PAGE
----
Journey to Promethea

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Journey to Promethea
Written by Danie Garcia
Directed by Daniel Garcia
Starring Billy Zane
Scott L. Schwartz
Louis Herthum
Jessica Heap
James DuMont
Theme music composer Andrew Markus
Country of origin United States
Production
Producer(s) Danie Garcia
Michael Thompson
Cinematography John Lands
Production company(s) DMG Holdings
Distributor Phase 4 Films
Release
Original release 2010

Journey to Promethea is a 2010 American epic fantasy film written and directed by Daniel Garcia, starring Billy Zane, Scott L. Schwartz, and Louis Herthum.

Plot[edit]

The movie opens with a narration describing the fate of the Samillian Tribe; once a noble people, they were subjugated by the despotic King Laypach (Zane) and condemned to wander aimlessly in the wilderness. The Samillians rebelled against King Laypach, under the command of their mightiest warrior and holy leader, Draden (Begneaud), who slew over a thousand of Laypach’s men. After a 23-year struggle, Draden is captured and beheaded. Before his execution, however, he prophesies that his spirit will descend upon a member of the Samillians, who will then lead them against their oppressors and to the holy land of Promethea.

Eight years later, Grado Amurilus (Battles), son of the deposed King of the Samillians, is living as a farmer with his own boys, Magnus (Murphy) and Binon (Michaelson). Despite a century-and-a-half of Samillian oppression, they live an idyllic life, seemingly untouched by Laypach's tyranny. Meanwhile, King Laypach is informed by his Wise Men that Draden’s prophecy has come to pass, and that the chosen liberator of the Samillian tribe has come of age. They warn that King Laypach must not allow the boy to unite with Draden’s daughter, Aria, and receive Draden’s sword. If the chosen one uses the sword to pierce the ancient Stone of Groboda—which was blessed by the gods after it fell to the earth—King Laypach will turn to dust. They tell him the chosen boy will possess "the light" of Draden in his eyes. King Laypach dismisses the wise men and orders the boy found and brought before him.

The Samillians are continuing their aimless trek through the wilderness, now accompanied by the Amurilus family. Binon attacks Laypach’s soldiers who are escorting them. In the ensuing fight, Grado is mortally wounded and Binon is captured. With his dying breath, Grado tells Magnus that he must free their people. After cremating his father in a small bundle of sticks, Magnus encounters a magical chicken, which reveals itself to be the small yellow wizard Gydro (Rin Varick). Gydro speaks the phrase "A man’s unfulfilled destiny is the shame of the universe," and Magnus’s eyes glow with the light of Draden. Gydro falls to his knees, stunned and elated that he has found the appointed liberator of the Samillians. Magnus leaves him. After fasting and bowing before the gods of the moon, the wise men return to King Laypach with news of the Magnus’s location. Laypach summons his greatest warrior, the fearsome knight Kronin (Schwartz), to find him.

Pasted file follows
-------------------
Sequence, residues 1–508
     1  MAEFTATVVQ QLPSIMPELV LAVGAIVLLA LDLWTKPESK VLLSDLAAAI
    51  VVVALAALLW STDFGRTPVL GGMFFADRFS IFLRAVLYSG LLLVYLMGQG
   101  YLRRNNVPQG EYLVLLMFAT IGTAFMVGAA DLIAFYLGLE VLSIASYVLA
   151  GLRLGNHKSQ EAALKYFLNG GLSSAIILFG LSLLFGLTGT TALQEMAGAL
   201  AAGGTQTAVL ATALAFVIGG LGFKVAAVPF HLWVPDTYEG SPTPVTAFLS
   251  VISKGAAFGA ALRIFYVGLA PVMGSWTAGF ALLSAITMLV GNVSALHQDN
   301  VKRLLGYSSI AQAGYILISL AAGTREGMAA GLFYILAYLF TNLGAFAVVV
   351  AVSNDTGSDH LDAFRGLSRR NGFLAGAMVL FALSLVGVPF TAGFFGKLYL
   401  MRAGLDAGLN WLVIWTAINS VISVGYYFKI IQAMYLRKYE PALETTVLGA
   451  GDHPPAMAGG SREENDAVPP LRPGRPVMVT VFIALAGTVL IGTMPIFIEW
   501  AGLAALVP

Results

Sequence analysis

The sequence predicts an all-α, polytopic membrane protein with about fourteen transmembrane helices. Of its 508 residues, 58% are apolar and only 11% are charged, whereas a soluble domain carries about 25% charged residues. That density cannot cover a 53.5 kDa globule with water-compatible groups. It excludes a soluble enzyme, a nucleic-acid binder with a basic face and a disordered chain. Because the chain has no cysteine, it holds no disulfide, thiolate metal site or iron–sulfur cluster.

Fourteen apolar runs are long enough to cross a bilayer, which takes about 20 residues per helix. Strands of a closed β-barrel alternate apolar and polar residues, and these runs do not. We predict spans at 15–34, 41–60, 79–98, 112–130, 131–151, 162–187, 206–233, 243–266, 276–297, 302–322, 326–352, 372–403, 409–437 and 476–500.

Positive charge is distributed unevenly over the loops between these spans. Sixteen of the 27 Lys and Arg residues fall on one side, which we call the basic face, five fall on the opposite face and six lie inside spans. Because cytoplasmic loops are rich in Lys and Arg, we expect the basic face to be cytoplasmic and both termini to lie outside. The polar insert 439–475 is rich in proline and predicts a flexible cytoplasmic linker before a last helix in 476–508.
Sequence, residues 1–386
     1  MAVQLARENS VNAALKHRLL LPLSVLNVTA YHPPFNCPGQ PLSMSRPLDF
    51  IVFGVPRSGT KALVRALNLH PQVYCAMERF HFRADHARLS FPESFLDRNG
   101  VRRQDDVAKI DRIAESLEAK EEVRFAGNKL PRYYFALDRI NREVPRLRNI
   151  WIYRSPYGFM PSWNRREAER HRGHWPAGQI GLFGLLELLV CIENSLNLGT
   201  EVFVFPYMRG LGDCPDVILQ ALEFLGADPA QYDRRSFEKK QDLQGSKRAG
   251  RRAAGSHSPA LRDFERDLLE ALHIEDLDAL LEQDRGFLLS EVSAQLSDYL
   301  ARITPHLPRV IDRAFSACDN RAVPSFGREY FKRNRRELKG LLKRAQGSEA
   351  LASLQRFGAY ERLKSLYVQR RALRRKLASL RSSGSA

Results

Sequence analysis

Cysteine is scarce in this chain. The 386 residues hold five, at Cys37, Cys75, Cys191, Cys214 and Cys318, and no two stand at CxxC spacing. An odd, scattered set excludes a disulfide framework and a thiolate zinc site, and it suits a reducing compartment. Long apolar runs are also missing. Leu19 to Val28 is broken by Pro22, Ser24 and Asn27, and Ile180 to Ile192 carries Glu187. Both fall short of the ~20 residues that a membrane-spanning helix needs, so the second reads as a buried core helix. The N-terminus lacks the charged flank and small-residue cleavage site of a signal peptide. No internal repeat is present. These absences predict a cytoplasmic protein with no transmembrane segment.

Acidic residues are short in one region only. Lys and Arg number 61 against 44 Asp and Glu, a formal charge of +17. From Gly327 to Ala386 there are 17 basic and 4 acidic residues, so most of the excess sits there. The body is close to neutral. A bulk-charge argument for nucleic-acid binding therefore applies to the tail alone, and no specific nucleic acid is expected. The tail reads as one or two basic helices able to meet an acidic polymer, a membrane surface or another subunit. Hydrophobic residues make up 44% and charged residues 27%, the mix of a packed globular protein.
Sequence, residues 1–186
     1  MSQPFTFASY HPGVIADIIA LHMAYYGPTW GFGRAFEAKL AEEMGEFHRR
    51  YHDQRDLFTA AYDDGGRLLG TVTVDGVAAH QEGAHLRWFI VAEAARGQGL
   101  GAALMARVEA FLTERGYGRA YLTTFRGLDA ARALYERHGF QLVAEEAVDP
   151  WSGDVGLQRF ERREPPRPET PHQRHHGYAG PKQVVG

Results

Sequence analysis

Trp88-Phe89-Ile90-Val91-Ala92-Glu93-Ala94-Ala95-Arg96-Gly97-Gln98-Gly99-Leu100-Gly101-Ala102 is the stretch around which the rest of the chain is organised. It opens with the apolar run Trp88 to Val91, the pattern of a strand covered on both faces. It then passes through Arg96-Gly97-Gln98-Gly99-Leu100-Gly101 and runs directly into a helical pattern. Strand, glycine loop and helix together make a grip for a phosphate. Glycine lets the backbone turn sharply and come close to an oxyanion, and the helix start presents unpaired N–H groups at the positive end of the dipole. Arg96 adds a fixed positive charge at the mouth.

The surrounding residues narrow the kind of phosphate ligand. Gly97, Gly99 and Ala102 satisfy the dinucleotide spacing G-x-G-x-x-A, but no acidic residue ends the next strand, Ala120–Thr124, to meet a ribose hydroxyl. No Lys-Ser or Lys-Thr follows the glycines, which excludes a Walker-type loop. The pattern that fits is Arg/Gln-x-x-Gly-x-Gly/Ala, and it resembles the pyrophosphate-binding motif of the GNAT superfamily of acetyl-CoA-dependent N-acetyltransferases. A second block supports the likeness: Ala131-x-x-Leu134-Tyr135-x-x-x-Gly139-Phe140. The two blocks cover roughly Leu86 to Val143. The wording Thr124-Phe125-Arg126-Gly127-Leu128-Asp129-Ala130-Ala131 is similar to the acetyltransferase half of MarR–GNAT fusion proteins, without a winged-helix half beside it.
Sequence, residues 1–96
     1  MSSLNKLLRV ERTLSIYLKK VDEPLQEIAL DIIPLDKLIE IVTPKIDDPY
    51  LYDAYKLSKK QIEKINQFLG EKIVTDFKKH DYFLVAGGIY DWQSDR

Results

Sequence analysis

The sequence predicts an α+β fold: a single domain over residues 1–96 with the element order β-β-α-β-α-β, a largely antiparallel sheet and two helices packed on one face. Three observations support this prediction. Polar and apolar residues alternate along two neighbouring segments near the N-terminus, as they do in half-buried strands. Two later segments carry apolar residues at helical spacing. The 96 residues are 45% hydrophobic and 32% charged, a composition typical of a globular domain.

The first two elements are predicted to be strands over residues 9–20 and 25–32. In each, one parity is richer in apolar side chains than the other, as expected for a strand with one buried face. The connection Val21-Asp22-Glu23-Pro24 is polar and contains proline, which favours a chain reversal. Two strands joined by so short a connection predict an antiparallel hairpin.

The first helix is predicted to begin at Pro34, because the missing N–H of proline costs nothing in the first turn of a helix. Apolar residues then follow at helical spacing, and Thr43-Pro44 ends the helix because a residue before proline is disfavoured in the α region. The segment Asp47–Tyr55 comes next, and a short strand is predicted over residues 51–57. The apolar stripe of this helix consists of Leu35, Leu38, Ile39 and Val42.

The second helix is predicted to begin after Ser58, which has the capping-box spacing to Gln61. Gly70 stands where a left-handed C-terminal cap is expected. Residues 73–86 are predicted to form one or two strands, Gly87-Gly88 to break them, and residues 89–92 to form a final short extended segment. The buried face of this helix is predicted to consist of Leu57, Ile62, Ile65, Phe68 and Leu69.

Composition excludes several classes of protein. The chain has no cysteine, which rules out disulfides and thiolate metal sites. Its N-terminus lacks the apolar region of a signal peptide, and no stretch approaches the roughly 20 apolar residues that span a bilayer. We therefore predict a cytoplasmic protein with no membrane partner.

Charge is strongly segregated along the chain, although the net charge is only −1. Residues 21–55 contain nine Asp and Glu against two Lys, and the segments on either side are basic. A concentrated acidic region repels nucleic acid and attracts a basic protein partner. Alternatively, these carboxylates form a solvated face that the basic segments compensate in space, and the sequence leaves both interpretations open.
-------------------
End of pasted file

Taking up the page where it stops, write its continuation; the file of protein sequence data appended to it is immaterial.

Magnus comes across a hunter, Ari (Herthum), in the forest. Magnus tells Ari of his quest to free his brother, and though Ari refuses to discuss his past or personal life, the two decide to carry on together.

Binon is brought before King Laypach, and the wise men determine that while he is not the chosen one, the two are very close. Binon is sent to the dungeons, where he meets a raving, deformed prisoner named Arden (DuMont), who taunts him.

As Kronin ravages the countryside searching for Magnus, Gydro meets with Draden’s daughter, Aria (Heap), to tell her that he has found the chosen one. Aria asks if it is in fact the chosen one, and Gydro confirms. The princess and her four warrior handmaidens decide to set out to find him as well. Magnus and Ari share a meal with two women in the woods, who it is implied may have some supernatural abilities. Back in the faraway territories of King Laypach, the wise men are beheaded for their apparent failures.

Ari decides to teach Magnus how to fight and the two train. Kronin, during his search for Magnus, comes upon a blind fortune teller in the woods. She reveals that his destiny is "to kill and be killed."

Princess Aria and her group are attacked that night by bandits, and her handmaiden Derja (Itzel) is killed. They burn her body as Gydro performs an ancient funeral rite. In the dungeons, Arden reveals why he is imprisoned: he was once a soldier in King Laypach’s army, but finally refused to murder the wife of a soldier who had refused to commit atrocities. Through flashbacks, it is revealed that the soldier is Ari.

Magnus and Ari come across the same blind fortune teller as Kronin, and despite Ari’s protests, she reveals that Magnus is destined to be a mighty warrior with a great destiny. Kronin returns to King Laypach in shame, lamenting the difficulty of finding someone who hides in the dense forests. Laypach is displeased and orders that Binon be taken from the dungeons to lead them to his brother.

Magnus and Ari come across Princess Aria’s group in the forest, and Magnus is immediately smitten. The two are about to part ways when Gydro appears and reveals to Aria Magnus’s true identity as the Samillian liberator. He presents Magnus with Draden’s sword, which glows blue when Magnus grips it. Later, as the group camps, Sina, one of Princess Aria’s handmaidens, tries to seduce Magnus in the hopes of becoming his queen. He refuses, and since Princess Aria has witnessed this treachery, Sina curses them and flees into the forest.